Jason and the Argonauts Reviews
The movie doesn't overdo itself as it ends about twenty minutes earlier than where it could have stopped. You see what you need to see while other things are merely implied. Just like in The Dark Knight Rises where you know Christian Bale ends up happily ever after with Anne Hathaway, you know exactly what's going to happen when Jason gets his hands on that golden fleece. The film takes you on a good ride then drops you off at just the right place.
Jason and the Argonauts does a great job of taking itself seriously which can be hard to do when dealing in the fantasy genre at times. As much as I thoroughly enjoyed it, I do have to address one scene that made me roll my eyes a bit however. Towards the end of the movie, King Aeetes is chasing Jason and his remaining argonauts as they are fleeing. They come to a cliffside where King Aeetes does this long speech then releases demons from the underwold or something of that nature. There was a long pause, maybe like ten or fifteen seconds, where Jason is just standing there watching things unfold and I'm thinking, "Seriously? You've run from all the other dangers up to this point and NOW you want to sit around and wait?" Pretty small in the grand scheme of the movie but it annoyed me nonetheless.
Jason and the Argonauts is the story of a man who goes on a great adventure for a powerful artifact so he can get revenge for the murder of his father and take his rightful place as king. A great movie to cut your teeth on if you are trying to expand your movie culture beyond the last three decades. I give it a well-deserved 99.
The story of Greek Myths & Fantasy Creatures the plot is surprisingly solid but the film lags in the mid section.
Some extraordinary visual concepts most notable is the dead skeletons coming to life. An entertaining Mythic Epic with some great effects.
There were plenty of other movies of this caliber at the time, but as said before, this isn't about the plot. It's all about the special effects and the last twenty minutes or so.
(though I wish they would have at least had Jason return to Greece)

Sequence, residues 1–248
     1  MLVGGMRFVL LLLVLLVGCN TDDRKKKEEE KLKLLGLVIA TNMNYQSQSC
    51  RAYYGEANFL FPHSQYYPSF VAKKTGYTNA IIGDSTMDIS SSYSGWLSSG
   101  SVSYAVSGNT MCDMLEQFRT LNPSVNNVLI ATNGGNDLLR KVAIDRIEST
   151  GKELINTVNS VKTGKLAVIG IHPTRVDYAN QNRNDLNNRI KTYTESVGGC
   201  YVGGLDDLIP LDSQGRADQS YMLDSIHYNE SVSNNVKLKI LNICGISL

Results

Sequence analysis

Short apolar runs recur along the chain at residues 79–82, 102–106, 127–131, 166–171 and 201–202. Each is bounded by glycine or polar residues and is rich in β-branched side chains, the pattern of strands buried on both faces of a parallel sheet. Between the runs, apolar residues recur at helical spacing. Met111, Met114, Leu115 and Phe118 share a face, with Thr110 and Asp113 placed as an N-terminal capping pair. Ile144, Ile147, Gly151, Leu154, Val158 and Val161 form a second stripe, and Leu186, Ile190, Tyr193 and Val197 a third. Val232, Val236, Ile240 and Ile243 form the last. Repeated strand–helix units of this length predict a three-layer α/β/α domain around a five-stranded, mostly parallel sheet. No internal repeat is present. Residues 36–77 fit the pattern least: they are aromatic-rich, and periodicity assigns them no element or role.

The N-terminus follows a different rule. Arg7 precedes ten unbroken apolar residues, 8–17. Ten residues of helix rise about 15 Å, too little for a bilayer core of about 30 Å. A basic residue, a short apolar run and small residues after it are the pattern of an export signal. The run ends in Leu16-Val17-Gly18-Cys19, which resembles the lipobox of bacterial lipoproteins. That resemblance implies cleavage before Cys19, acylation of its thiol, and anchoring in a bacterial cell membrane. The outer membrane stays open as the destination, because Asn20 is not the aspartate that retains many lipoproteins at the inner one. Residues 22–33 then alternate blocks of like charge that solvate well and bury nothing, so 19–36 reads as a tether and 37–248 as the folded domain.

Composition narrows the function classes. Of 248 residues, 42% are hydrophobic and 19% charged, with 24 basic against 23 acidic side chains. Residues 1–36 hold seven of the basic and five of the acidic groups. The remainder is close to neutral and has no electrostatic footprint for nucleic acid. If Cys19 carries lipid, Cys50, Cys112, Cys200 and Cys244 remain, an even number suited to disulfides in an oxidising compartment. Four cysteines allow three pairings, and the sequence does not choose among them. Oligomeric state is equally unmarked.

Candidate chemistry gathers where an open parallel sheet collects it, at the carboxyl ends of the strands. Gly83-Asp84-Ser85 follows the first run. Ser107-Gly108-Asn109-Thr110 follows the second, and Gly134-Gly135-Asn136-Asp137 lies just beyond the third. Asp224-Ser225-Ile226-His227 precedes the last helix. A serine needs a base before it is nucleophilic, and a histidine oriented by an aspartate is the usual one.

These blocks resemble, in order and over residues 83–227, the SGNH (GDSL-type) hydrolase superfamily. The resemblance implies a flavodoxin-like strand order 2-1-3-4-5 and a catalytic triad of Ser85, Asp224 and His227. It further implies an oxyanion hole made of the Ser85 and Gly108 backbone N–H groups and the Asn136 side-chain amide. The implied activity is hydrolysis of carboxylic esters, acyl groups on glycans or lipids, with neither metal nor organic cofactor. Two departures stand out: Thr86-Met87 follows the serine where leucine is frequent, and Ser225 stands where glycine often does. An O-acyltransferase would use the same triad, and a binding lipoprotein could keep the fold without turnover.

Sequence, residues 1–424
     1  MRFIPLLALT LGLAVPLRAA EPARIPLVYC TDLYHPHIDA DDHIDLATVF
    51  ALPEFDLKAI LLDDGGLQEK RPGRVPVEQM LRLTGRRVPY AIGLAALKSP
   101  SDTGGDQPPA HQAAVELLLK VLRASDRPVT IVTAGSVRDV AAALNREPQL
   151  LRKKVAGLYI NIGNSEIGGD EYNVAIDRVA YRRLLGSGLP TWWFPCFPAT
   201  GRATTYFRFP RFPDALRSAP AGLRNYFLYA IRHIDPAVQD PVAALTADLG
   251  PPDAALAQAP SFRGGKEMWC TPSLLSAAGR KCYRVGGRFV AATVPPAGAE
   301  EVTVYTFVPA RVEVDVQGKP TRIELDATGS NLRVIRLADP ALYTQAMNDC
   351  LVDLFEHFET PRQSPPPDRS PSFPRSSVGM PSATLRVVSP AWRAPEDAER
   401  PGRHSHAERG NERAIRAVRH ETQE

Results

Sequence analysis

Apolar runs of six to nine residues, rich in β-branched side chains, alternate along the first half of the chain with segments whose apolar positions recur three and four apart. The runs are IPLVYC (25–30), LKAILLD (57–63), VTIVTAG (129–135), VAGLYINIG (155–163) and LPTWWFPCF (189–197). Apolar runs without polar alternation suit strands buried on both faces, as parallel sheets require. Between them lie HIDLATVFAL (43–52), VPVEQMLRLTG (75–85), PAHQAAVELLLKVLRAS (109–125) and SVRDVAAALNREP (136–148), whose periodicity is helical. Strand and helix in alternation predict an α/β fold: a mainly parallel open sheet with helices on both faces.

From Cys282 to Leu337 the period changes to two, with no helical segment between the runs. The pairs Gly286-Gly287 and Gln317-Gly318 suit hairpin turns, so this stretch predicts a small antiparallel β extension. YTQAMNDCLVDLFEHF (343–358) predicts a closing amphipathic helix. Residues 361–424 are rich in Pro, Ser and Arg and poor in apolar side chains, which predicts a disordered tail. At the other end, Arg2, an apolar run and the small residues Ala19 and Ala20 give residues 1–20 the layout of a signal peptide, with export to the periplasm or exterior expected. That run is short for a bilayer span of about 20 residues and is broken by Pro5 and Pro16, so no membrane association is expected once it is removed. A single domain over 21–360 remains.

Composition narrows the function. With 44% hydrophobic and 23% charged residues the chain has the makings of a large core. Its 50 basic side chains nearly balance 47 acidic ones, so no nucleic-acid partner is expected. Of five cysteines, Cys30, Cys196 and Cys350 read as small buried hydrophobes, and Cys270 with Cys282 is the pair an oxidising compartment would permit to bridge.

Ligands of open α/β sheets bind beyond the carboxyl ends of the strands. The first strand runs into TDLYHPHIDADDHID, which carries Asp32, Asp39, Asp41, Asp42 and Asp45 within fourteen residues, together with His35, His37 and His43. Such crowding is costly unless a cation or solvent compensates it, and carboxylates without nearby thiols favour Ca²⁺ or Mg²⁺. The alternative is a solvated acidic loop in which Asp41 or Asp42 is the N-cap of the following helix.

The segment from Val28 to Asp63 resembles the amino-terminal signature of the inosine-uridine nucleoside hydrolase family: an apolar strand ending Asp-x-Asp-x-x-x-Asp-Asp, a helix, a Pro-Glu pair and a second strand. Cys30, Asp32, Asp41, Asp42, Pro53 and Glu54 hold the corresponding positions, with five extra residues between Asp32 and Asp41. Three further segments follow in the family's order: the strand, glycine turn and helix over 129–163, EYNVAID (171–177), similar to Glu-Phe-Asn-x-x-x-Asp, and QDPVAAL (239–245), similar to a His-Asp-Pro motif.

Some creatures within the film seemed a little unnecessary to be honest - the bat-like figures that take advantage of a blind man are very purple and look like puppets, not allowing me to take them seriously. What is really unnecessary, however, is the skeleton figures fighting for Jason's enemies at the conclusion of the film. I mean, Jason's enemies already have Jason and his team outnumbered, yet they insist on raising skeletons from the ground to fight with Jason and the Argonauts. They basically included this just because they could.
The main thing that bothers me about this film is disregarding the inciting incident entirely; Pelias goes out of his way to attempt to kill Jason at the film's start, who is destined to kill him. Jason then talks about his plan to avenge his father - not knowing he is talking to Pelias, and Pelias advises him to travel to the edge of the Earth to retrieve a tool that will aid him in his quest to kill Pelias. Then this is completely disregarded later, and Jason comes nowhere close to getting his vengeance at the film's conclusion. What was the point of the beginning then? What was the point of the film in general?
I enjoyed seeing Harryhausen's effects, but this film seemed like a waste of time since it threw the story it had at the beginning away and never looked back.